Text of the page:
While Switzerland is slow to authorize the first vaccines against monkeypox, many people are looking to get vaccinated abroad. But in France, vaccination centers near Geneva refuse to vaccinate the Swiss, RTS has learned.
Not far from Geneva, in Saint-Julien-en-Genevois, Grenoble or Annecy, the monkeypox vaccination centers are overwhelmed with calls from Switzerland. But the answer is always the same: they only vaccinate their own residents, in order to save doses.
However, in the north of France, Belgians can cross the border to receive an injection in Lille. They even sometimes represent up to 90% of daily vaccinations. According to the prevention-health service of the metropolis of Lille, it is simply a question of solidarity with European neighbors.
“As a first step, a recommendation was given to prioritize the public living on the national territory, without excluding the rest of the applicants”, details the vaccination center in a response to the RTS. Subsequently, the French Ministry of Health indicated that due to “solidarity with our European neighbours, the centers are invited not to prioritize target audiences by their place of residence”.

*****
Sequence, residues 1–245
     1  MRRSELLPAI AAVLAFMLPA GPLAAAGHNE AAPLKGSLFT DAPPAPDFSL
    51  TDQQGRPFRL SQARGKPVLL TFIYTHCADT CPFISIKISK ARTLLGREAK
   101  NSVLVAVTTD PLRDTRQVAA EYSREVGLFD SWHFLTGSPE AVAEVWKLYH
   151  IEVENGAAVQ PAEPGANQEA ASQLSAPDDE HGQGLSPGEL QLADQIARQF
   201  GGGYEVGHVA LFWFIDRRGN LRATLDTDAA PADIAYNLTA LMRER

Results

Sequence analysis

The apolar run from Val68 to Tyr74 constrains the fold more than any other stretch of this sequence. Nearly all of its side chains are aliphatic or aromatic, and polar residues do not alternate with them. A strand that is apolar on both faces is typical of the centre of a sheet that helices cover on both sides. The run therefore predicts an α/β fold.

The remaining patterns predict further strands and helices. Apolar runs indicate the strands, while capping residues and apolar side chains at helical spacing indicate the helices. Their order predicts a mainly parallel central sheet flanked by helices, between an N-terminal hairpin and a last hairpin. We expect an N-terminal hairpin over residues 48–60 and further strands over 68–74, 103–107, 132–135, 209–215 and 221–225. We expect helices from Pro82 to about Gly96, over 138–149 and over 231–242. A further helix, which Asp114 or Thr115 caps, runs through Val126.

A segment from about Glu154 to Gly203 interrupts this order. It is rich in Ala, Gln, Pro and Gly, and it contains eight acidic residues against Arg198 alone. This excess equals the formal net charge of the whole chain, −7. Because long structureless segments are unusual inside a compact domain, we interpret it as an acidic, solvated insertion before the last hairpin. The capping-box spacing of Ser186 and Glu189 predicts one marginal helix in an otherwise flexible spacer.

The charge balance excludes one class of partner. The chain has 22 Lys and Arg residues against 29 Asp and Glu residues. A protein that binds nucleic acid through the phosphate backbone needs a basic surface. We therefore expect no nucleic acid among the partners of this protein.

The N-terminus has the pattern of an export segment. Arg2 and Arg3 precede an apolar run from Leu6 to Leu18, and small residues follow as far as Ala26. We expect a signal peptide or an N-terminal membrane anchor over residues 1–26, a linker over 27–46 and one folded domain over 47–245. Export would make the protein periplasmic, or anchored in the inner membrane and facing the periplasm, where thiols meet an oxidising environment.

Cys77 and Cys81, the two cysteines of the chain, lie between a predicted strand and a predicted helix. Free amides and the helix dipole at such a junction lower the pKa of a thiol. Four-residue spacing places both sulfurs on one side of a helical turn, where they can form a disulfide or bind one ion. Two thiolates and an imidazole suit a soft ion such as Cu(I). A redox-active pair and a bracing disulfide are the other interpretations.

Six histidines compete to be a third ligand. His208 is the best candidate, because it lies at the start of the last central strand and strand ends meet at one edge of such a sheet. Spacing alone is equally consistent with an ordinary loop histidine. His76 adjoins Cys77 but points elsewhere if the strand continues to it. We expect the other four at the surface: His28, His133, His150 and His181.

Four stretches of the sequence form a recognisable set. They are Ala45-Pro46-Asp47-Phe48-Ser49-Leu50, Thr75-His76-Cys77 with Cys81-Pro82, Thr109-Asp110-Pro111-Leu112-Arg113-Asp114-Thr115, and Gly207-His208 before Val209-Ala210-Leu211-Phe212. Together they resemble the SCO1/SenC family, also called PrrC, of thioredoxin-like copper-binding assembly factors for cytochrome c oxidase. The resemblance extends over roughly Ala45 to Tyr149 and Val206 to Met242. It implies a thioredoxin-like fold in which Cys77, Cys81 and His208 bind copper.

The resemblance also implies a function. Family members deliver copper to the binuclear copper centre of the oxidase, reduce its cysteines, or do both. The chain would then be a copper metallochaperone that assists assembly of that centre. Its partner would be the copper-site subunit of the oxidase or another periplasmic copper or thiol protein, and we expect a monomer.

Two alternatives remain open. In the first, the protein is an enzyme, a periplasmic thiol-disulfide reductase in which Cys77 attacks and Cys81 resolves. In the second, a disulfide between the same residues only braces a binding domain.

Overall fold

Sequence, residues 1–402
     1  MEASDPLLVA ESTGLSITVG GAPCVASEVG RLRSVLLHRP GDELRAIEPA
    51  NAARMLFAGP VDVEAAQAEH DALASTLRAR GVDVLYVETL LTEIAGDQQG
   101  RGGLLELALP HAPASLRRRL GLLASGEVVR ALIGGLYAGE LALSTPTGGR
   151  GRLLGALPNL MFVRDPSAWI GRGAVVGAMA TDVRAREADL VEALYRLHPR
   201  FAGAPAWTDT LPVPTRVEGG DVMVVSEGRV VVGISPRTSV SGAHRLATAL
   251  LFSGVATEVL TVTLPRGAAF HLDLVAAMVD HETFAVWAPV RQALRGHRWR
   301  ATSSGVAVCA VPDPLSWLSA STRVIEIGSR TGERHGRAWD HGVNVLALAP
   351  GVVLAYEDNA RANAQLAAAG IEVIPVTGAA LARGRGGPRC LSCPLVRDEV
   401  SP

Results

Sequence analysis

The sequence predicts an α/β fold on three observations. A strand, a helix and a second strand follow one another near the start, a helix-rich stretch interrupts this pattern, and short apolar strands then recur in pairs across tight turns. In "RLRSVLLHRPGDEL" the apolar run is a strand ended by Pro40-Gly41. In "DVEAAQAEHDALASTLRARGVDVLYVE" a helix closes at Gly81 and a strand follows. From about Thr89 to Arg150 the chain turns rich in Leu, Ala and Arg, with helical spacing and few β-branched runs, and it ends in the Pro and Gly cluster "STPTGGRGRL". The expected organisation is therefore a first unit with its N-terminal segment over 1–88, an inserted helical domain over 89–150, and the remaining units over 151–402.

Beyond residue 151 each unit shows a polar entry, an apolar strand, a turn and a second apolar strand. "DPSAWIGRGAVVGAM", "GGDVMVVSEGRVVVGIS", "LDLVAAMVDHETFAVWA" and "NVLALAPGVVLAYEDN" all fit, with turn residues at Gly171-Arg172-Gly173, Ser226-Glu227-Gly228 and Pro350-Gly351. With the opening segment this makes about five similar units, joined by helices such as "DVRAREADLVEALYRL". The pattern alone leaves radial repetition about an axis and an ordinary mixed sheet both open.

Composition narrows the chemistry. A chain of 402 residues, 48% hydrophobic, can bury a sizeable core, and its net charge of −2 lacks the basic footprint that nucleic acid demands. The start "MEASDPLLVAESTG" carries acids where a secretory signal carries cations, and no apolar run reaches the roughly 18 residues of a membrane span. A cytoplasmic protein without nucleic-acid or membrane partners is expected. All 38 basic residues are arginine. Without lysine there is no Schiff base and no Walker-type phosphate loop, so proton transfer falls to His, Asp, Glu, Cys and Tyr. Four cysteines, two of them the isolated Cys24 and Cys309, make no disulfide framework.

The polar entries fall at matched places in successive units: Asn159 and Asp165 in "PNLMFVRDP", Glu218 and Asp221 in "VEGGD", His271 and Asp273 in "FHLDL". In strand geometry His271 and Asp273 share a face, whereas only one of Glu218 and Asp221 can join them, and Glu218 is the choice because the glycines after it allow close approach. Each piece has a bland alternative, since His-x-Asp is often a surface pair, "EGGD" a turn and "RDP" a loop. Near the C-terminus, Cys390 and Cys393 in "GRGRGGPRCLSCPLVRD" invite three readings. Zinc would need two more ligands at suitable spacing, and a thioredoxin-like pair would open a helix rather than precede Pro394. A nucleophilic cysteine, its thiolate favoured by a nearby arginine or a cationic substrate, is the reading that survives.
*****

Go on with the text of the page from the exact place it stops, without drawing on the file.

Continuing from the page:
But around Geneva, no such instructions were transmitted. On the contrary, healthcare institutions are instructed to ask for the vital card to have proof of residence. Vaccination centers point out that the doses are already insufficient for local demand. The center of Saint-Julien, for example, has only about fifteen per week.
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Inequality of access to care
For Loïc Michaud, nurse in charge of the Checkpoint of the Dialogai association in Geneva, these local restrictions are understandable, but they create inequalities. “There are vaccination centers which do not, until now, ask for an identity. But these are much more distant centers, like in Paris, or in other European countries. And this creates an inequality of access to care”, he laments.
LGBT associations therefore call for a cross-border partnership. When questioned, the State of Geneva explains that it is in discussion with its French equivalents to find a collaborative solution, as it did for vaccination against Covid. It will all depend on when the township gets doses.
Geneva recently expressed its desire to acquire doses as soon as possible, even without the approval of the Confederation. At the beginning of August, Swissmedic indicated that it had not yet received a request for authorization of the product.
>> Read about it: Bern considers centralized purchase of monkeypox vaccines